Visual Theology

Challies and Byers introduce "Visual Theology" by saying, “we live in a visual culture, increasingly relying on infographics and other visuals to help us understand new and difficult concepts.” Challies and Byers are spot on with this need and the first thing that struck me about their book is how aesthetically pleasing its production was. I try to buy as many books as I can via Kindle today, but was glad in retrospect to be unable to purchase this book in that medium. The book is well designed and even the thickness of the pages makes a reader happy.

That said, the title itself is a bit misleading. The book wasn't visual in the way I anticipated nor was it theology in the way I anticipated. Once I re-calibrated my expectations as I read the book I was much happier, but I do wonder if the title will make more readers than just myself surprised by the contents. The visuals are almost mostly word art, with some infographics thrown in. Depending on your tastes, this might be disappointing. It was to me. That isn't to say that some of the art isn't very helpful (Byers infographic on the books of the Bible with information about date of writing and authorship is fantastic, for one), but that at least to me a fair portion didn't inspire or lead me to a deepened understanding as I would have hoped.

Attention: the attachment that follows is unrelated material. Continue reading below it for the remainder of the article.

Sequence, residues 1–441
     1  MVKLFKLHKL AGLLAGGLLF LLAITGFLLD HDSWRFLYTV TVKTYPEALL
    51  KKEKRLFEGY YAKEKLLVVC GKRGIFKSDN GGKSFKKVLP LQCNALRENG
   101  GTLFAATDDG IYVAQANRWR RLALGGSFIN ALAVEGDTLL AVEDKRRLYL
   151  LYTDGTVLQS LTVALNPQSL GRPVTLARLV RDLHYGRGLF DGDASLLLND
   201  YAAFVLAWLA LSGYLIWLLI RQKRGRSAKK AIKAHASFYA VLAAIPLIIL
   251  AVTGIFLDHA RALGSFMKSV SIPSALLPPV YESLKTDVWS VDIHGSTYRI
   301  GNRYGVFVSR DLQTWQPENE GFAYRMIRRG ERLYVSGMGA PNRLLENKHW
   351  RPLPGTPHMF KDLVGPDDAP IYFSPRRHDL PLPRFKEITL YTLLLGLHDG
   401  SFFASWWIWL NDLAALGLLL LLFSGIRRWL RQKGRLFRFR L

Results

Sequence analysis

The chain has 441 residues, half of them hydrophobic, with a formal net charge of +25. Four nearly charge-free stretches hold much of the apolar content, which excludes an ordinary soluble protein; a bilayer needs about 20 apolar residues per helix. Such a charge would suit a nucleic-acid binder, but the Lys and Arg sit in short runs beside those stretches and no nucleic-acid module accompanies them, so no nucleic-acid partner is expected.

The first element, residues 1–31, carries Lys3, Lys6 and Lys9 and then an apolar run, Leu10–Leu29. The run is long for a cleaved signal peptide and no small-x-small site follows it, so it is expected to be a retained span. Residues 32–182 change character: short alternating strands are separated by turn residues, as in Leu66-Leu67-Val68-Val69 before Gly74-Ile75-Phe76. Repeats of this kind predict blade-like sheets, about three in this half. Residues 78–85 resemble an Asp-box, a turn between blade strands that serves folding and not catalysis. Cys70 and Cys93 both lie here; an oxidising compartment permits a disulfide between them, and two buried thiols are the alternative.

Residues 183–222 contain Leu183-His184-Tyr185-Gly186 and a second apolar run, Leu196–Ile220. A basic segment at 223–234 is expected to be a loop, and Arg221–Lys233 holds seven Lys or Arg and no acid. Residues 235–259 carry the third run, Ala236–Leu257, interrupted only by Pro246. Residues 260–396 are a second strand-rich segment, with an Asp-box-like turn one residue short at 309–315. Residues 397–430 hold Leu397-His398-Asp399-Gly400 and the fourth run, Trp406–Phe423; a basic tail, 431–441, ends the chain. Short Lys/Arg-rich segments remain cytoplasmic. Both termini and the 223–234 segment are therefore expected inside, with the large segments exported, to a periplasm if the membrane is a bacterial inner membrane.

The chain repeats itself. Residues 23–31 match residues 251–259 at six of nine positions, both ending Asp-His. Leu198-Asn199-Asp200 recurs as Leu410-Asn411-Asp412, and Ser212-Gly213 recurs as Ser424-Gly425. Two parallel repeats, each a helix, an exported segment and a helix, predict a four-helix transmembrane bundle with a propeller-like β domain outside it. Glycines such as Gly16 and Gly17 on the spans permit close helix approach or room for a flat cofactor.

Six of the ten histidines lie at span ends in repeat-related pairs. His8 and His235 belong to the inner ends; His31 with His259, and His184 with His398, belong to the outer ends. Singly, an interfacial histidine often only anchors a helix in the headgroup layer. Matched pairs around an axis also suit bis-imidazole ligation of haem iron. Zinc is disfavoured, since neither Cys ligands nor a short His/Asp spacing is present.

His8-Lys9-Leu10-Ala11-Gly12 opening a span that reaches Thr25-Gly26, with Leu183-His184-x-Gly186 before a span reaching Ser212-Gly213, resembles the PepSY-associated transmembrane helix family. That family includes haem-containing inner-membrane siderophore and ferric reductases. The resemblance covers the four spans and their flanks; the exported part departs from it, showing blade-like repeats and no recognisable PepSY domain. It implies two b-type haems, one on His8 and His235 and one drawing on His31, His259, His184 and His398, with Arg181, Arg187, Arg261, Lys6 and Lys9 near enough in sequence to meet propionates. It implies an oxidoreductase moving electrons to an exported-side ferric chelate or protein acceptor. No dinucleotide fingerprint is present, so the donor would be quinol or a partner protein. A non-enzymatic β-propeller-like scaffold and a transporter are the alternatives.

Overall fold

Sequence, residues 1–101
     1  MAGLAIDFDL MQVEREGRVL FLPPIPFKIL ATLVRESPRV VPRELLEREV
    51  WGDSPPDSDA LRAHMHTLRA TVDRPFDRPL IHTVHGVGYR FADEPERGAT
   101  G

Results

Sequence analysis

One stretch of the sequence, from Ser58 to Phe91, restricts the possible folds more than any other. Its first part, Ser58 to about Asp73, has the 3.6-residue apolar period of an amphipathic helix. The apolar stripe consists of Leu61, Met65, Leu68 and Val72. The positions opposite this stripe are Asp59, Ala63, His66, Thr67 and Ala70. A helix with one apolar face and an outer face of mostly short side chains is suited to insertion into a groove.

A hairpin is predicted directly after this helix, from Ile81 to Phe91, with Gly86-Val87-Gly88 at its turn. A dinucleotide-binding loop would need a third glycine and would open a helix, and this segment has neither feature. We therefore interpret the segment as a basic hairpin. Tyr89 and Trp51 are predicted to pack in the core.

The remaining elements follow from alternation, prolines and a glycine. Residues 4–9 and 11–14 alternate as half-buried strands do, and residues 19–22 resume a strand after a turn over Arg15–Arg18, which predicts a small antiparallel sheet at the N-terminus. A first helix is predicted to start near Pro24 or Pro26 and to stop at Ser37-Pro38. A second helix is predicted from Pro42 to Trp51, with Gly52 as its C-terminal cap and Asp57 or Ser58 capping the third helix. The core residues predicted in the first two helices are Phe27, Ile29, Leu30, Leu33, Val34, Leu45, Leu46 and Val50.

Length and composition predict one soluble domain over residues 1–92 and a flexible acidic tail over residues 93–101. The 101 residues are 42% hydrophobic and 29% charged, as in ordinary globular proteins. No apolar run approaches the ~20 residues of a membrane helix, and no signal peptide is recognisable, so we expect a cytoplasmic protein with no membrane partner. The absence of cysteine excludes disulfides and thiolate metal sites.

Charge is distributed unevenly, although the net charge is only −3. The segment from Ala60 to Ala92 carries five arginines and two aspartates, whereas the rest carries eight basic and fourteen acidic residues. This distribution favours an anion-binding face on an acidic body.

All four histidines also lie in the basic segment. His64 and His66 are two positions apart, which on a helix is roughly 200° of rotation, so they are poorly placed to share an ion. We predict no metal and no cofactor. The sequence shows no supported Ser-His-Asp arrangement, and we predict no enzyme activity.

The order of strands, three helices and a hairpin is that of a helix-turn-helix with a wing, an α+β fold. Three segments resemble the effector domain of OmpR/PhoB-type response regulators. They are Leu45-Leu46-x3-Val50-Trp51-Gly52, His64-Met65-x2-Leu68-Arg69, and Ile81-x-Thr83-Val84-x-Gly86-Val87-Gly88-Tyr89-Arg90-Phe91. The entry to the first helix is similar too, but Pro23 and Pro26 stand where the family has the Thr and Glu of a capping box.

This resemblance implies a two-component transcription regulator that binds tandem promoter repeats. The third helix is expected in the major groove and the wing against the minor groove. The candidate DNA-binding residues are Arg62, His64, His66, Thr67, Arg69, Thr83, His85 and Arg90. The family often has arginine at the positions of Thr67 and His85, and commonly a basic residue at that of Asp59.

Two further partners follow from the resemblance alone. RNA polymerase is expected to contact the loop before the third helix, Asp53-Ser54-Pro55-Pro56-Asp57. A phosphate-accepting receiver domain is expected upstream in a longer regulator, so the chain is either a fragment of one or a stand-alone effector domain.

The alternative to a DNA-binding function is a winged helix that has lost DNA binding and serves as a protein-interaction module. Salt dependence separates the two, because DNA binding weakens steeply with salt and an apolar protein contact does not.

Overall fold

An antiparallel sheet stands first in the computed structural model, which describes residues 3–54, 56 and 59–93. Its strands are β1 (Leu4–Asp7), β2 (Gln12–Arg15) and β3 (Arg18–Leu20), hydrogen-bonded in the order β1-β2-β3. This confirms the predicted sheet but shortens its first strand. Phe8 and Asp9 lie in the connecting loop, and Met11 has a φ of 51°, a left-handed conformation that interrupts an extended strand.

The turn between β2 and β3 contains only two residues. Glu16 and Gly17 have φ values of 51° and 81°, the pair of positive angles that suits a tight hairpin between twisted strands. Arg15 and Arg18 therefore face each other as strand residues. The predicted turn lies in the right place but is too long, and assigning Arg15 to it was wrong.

Likewise, Challies's writing (which he fully acknowledges) is not attempting to plunge deep, but rather sweeps through four basic categories of becoming and living as a Christian: (1) Grow Close to Christ, (2) Understand the Work of Christ, (3) Become Like Christ, and (4) Live for Christ. Unsurprisingly given that division (but surprising to me given the title) the book is much more practical and basic than intellectual and historical. 

Far and away my favorite section was found in the first part of "Becoming Like Christ" where Challies as clearly as I've heard anywhere explains how we destroy sin in our lives. It is an excellent practical and succinct contemporization of John Owen's "Of The Mortification of Sin." This section alone makes the book well worth reading and using. 

I hope to use this book (particularly the section just mentioned) in counseling as well as in some introductory classes. Additionally, I hope the book finds its way into the hands of many as a first introduction to practical theology. Finally, I do hope for more books to be written in this vein. I would love to see, for instance, a book where Makoto Fujimura or Bruce Herman partnered with a theologian to provide a more abstract and contemplative take on the same premise.